After being in unhealthy relationships, for the first time I realized I didn’t have to fight any more.  In watching him, I saw that being confrontational was something that I didn’t have to be.  His patience with others was something that I had always admired.

My family challenges my want for control and often pushes me to shift my perspective to focus on what’s most important.  The small things can often build into mounds if not pruned but understanding that people and situations are not perfect; I see how God can use weaknesses to create something positive in others…in me.

-that was FREEING.

MINIMALISM: Be More With Less

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SIMPLE IS SMARTER.

Beginning In October, my daughter had her 8th birthday.  She loves seafood, macaroons, and her Goddie (God-mother), so we decided that her Goddie would come to town (two hours away) and we would take her out for seafood and macaroons.  My daughter frowned and looked somber the whole entire time.  I was so embarrassed at how ungrateful she became because they did not have raw oysters (yeah I know what you are thinking). Now, Christmas has past…and not ONE of the toys that was bought, was thought of a week after Christmas but a few!  She’s begging for more toys and doesn’t take care of the ones she has and doesn’t clean her room.  Granted she’s on the A/B honor roll, her concept of being entitled has got to stop.  So I have to begin with myself and then her.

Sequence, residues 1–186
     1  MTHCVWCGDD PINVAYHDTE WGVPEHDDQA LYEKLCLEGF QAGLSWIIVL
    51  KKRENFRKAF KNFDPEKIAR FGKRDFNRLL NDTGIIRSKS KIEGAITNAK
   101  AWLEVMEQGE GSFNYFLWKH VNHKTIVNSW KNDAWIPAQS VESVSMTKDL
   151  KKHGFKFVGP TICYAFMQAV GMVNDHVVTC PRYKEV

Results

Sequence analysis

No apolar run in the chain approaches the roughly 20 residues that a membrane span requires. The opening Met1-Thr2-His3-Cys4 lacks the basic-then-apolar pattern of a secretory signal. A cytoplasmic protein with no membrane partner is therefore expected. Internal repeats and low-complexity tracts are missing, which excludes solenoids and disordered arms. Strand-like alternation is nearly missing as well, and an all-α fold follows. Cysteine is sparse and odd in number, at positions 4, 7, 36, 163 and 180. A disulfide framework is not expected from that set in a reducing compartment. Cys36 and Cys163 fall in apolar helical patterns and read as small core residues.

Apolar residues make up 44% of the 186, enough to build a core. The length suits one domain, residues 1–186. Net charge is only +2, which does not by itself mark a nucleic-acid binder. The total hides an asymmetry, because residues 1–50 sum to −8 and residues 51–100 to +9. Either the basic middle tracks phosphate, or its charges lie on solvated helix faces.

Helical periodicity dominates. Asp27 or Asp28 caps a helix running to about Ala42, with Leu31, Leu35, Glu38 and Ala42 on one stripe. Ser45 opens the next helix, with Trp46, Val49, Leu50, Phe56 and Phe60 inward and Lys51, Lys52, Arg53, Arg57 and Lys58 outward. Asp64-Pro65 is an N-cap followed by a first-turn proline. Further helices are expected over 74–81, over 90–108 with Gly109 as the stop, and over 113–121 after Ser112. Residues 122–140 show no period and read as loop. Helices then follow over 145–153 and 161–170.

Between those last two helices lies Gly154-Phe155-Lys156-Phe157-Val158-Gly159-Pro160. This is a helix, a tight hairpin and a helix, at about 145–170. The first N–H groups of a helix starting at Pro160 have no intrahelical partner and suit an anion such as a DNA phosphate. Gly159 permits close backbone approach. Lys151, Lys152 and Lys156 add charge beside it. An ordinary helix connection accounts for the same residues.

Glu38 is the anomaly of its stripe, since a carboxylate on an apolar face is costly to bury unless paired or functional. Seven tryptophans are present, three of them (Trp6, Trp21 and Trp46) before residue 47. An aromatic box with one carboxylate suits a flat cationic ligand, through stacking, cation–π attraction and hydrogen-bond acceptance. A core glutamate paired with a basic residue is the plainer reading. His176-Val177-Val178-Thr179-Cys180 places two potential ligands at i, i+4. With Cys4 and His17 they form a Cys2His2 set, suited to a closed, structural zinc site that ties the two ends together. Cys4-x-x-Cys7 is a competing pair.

WHY MINIMALISM IS BETTER.

As a child, I didn’t have tons of toys but I did not want for things to play with.  I learned the magic of venturing out doors and a love for my imagination with my cousins, my daughter, on the other hand, is entertained at the thought of watching children play with toys on YouTube; annoying right?!    She has the type of closet that you often open at your own risk.  I thought “she is  just messy” but in actuality my closet looks the exact same way today and I need to teach her how to clean her room properly and throw away things that she does not need any more and donate toys/clothes to others.  “Convenience parenting” has apps and tablets for keeping children quiet or reminding them to clean up their rooms.  I want to raise children who can retain information when told, who can complete tasks without being prompted, and who are grateful for what they do have.